I missed the fight live. I actually saw the first little scuffle that Lisa Leslie stopped by grabbing hold of Candace Parker at the other end of the court, thought "bet that will get some media play of the girls-can-fight variety" and then switched the channel. Oops. Guess I should have stuck around a few more minutes. Not that I haven't been able to see multiple angles of the event at You Tube.
So first, the brawl itself. Whose fault? Does it really matter? Some kind of version of "equal" suspensions and were levied by the WNBA. Detroit's assistant coach Rick Mahorn received a two-game suspension. Most are saying that he certainly didn't mean to push Lisa Leslie hard enough to knock her to the ground or that maybe Leslie was already off balance so that Mahorn's light shove produced a disparate effect. (These people seem to come just short of saying that Leslie took a dive.) But the picture of the shove posted at this online news source suggests, to me, that Mahorn's intent was a little more than just trying to protect his players and break up the fight. (Though I realize images are always open to multiple readings and that I am, of course, influenced by his own past involvement in violence in the NBA.) Mechelle Voepel gives her thoughts here on the sanctions and the ramifications of what she is calling the "fracas."
Second, the fallout. Much of the discourse is around viewing the fracas/brawl/fight/altercation, or what I am calling the frawlightation, as symbolic of--depending on your point of view--equity, progress, or the apocalypse. Christine Brennan opts for the equity angle saying that these days "toughness knows no gender." But this guy thinks the frawlightation is a sign of the inequity because we laugh when women fight and we are outraged when men do it. The Wall Street Journal referred to it as a "gender-neutral nostalgia fest" (referencing Laimbeer's and Cooper's past episodes in the NBA. This guy thinks the women are just trying to be like men. First of all, that's far too simplistic of a statement in part because most men out there are trying to act like men too. And second, it should not be truly surprising that female athletes are taking some of their cues from male athletes. Male athletes get paid more, they get more attention, they don't get accused of being lesbians, they don't have temper their aggression as much or as often, etc, etc. It's not an excuse for bad behavior--but it makes sense.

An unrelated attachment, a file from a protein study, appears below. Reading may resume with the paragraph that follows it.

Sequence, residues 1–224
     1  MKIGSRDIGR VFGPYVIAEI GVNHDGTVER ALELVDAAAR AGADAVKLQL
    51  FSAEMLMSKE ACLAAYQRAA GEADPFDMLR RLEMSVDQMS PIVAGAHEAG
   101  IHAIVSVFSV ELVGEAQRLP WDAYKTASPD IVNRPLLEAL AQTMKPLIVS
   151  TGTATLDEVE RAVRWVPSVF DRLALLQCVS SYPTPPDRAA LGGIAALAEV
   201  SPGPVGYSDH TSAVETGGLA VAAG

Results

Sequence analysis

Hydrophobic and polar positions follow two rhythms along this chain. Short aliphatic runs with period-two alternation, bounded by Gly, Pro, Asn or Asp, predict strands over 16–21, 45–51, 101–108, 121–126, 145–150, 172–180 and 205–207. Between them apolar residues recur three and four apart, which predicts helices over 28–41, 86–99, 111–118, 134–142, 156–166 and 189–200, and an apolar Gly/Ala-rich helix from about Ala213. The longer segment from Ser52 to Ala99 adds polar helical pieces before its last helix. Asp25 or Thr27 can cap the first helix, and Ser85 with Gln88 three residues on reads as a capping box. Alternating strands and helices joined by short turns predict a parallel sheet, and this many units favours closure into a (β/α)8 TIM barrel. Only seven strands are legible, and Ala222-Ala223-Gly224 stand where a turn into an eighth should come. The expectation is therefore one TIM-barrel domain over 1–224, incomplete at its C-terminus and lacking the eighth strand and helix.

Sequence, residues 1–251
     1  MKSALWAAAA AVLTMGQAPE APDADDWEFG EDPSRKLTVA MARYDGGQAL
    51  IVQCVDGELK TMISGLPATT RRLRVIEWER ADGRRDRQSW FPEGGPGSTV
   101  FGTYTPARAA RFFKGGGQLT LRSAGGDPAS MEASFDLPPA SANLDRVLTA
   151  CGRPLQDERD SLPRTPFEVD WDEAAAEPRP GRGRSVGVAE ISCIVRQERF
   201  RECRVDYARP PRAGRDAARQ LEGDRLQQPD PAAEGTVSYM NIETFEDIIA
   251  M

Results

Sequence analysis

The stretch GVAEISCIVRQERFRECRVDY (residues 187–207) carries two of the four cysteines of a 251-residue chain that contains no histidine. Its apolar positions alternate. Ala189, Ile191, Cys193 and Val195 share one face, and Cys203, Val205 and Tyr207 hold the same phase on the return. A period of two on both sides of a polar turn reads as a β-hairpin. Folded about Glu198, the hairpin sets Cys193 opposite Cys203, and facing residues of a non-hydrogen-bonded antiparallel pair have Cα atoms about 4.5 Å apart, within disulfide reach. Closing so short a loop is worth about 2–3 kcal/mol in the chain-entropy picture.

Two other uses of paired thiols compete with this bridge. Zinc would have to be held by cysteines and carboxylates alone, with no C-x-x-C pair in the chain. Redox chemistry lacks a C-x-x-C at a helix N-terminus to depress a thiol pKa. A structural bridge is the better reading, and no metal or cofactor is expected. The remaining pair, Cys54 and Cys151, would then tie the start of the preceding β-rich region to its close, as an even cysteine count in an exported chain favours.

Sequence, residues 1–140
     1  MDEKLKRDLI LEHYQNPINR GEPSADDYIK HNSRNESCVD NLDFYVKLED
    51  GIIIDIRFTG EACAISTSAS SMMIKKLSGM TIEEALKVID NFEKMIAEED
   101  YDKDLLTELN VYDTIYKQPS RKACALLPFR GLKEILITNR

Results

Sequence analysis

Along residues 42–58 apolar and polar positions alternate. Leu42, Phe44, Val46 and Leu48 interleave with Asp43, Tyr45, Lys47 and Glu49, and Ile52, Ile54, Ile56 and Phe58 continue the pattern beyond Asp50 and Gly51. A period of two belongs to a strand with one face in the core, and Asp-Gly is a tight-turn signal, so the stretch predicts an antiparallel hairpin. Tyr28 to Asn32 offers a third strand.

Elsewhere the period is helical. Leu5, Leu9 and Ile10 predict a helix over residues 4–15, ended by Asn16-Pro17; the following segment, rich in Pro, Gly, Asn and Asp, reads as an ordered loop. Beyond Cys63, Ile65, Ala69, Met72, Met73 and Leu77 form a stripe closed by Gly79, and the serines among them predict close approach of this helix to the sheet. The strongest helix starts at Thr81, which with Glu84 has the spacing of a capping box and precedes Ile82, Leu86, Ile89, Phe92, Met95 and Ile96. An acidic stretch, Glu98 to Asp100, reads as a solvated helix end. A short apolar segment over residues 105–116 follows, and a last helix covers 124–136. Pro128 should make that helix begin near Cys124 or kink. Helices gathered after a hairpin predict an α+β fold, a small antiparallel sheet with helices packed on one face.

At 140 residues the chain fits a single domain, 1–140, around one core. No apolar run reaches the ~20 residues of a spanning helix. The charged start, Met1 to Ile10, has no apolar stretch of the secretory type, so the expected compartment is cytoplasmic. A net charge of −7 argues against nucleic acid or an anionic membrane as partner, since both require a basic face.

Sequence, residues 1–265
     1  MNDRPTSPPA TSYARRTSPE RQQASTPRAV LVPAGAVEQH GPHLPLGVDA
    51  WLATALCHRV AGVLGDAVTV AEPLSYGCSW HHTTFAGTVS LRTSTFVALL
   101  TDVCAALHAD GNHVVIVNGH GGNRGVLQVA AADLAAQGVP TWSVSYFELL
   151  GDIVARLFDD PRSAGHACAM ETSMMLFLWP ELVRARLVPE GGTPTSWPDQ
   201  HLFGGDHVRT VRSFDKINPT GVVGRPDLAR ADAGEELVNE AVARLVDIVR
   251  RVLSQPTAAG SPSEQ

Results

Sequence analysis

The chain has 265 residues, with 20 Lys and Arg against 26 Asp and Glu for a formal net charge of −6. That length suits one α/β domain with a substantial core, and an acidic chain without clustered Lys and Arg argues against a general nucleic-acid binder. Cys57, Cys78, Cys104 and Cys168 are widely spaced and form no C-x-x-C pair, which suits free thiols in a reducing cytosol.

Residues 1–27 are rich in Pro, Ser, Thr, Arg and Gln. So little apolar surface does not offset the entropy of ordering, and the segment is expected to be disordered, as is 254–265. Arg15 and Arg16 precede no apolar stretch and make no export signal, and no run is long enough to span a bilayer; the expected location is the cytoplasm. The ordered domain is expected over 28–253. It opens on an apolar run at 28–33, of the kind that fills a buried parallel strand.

A cultural anthropologist quoted in this article said it had nothing to do with gender at all but was about the passion that is inspired during competition. I agree with the passion/competition connection but that it has nothing to do with gender? If it didn't have anything to do with gender, we wouldn't be talking about it as much as we are. It has everything to do with gender because our level of passion and competition and aggression are all constructed through, in part, a gendered lens.And lastly, Nancy Lieberman's return. It is no secret that I am not a fan of Nancy Lieberman. Do I think it was a publicity stunt? Oh yeah. 'Cause what about all those women from training camp that didn't make it to the WNBA this year? Laimbeer didn't think they might have had a better shot at actually making a shot during the game? Sure it's great that her presence shows that aging does not mean succumbing to a sedentary life or even that highly competitive venues are out of the question. But how competitive was she really? I didn't think that it was crazy that she was offered a spot. This is the woman, after all, who trained Martina Navratilova in the 80s and brought an intense workout and work ethic to her own and to others' training. [I thought it was very interesting that Lieberman's connection to Navratilova was not mentioned in any of the articles I read--even this one that mentioned Navratilova's own comeback in her 50s.] But Lieberman is no Dara Torres. She isn't even a Martina Navratilova.